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Biden Forces Russia to Default, the Repercussions May be Serious

Biden and the G7 think forcing Russia to default was a good move. It wasn't.
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What Now

Sign of Stupidity

Forcing Russia to default was the subject of a Tweet thread I was involved in on Monday. Here's a recap.

My Position: Default is not a sign of strength by Russia, it's a sign of stupidity by the West. Instead of paying bills, Russia gets to keep reserves. Instead of getting money, corporations, mainly in the EU, get nothing. This is a really stupid thing for the West. Period.

That was in response to the following Tweet.

Manufactured Defaults and Spotlight BRICs 

Absolutely No Return

"There's absolutely no return to the old normal of global financial markets."

How Stupidity Happens 

1. Politicians would rather do something counterproductive than do nothing at all

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2. When caught doing something that does not work, politicians would rather double down than admit a mistake

Those discussions took place yesterday. Everyone above should be proud of their analysis except the person who started the topic. 

Crossing the Rubicon

If we took the ideas above and combined them into a post, it would look remarkably like this post that came out on Tuesday.

A Rubicon, Crossed by Eurointelligence author Wolfgang Münchau.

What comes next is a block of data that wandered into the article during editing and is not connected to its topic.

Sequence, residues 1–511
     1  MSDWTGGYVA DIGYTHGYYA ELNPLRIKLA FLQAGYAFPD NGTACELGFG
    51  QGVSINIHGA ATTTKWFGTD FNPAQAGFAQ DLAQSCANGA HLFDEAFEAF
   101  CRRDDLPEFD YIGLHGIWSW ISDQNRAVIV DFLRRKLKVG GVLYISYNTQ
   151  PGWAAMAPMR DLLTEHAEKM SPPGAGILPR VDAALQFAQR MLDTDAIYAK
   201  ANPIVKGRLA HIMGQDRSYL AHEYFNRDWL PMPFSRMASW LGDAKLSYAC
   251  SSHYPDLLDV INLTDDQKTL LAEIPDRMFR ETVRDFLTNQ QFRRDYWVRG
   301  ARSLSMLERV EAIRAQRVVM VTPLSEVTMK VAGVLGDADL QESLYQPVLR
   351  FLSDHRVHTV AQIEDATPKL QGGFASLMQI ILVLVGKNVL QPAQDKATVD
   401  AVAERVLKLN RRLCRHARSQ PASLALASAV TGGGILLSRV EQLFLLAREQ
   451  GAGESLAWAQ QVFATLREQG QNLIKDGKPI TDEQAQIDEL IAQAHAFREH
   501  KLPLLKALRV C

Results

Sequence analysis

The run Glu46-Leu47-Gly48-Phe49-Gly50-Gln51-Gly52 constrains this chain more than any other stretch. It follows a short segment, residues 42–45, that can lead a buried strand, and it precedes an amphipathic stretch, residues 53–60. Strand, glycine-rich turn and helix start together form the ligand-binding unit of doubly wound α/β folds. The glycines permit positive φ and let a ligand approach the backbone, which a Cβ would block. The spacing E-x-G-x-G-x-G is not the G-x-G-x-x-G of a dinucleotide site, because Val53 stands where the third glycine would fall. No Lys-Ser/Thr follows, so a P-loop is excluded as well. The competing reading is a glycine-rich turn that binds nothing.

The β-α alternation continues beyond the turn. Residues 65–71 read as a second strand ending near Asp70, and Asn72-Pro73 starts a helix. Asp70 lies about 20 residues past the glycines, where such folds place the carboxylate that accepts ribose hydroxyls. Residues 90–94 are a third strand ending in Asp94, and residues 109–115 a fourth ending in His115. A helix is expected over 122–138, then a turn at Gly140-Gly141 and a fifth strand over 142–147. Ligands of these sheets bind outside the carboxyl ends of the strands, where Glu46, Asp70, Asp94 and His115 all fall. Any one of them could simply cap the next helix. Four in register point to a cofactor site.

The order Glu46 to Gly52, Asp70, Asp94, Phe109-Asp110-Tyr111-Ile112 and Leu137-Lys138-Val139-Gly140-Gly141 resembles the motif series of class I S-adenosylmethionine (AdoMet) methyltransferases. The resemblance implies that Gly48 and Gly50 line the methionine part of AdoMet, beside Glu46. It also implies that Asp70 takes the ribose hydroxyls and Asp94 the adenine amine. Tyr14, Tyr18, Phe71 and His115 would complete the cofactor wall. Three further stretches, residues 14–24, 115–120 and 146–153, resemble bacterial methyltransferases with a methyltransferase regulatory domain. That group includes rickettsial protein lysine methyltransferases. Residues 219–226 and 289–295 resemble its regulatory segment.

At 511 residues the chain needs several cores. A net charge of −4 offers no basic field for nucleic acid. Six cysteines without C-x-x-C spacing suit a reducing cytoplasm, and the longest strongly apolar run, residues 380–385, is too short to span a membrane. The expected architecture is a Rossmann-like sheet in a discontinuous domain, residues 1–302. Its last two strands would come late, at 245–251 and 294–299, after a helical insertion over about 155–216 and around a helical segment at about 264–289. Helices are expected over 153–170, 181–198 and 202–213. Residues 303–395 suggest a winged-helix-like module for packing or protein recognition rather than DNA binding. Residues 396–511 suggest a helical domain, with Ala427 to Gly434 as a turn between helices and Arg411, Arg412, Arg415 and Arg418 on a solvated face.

One of the lessons during the global financial crisis was the need to avoid binary outcomes, as in defaulting on all of your debt. The Romans, of course, have known this for much longer. When Julius Caesar and his army crossed the northern Italian river Rubicon into Roman territory, he could not go back.

Russia’s default, together with the freezing of central bank assets, is the financial market equivalent of a modern Rubicon crossing. There is no way back now. Or to put this into modern geopolitical jargon: there is no off-ramp for Russian finance.

In normal times, a default cuts you off from the financial markets, but Russia is cut off anyway. That Rubicon has been crossed with the financial sanctions. The default has therefore no further short-term consequences. But it might become a problem later. If the west ever agreed to lift the sanctions, for example as part of a Russia/Ukraine peace agreement, the default cannot be reversed. You can unfreeze assets. But you can’t un-default. 

The problem with crossing the Rubicon is not only that you can’t go back. It is that the best option at that point is often to double down and go forward. This is what Caesar did. If you default on one part of your debt, you might as well default on the rest. 

 As a direct result of financial sanctions, Russia has started to diversify its foreign reserves, and is working on a parallel payments system infrastructure. We are entering a period in which the US may lose its global financial monopoly, which is at least in part due to a lack of alternative infrastructure. The dollar won’t be easily displaced as a global currency, but there is no reason why the countries known as the Brics should transact among each other by channeling flows through the US jurisdiction.

From our admittedly skewed perspective another Rubicon has been crossed since the start of the Ukraine war: the de facto abandonment of European strategic autonomy. 

The things about Rubicons is you can’t go back later when you want to. We are crossing a lot of them right now with consequences that will outlast the war in Ukraine.

G-7 Agrees to Cap the Price of Russian Oil Using a Buyer's Cartel

In case you missed it please see G-7 Agrees to Cap the Price of Russian Oil Using a Buyer's Cartel

It's another round of economic madness.

This post originated at MishTalk.Com.

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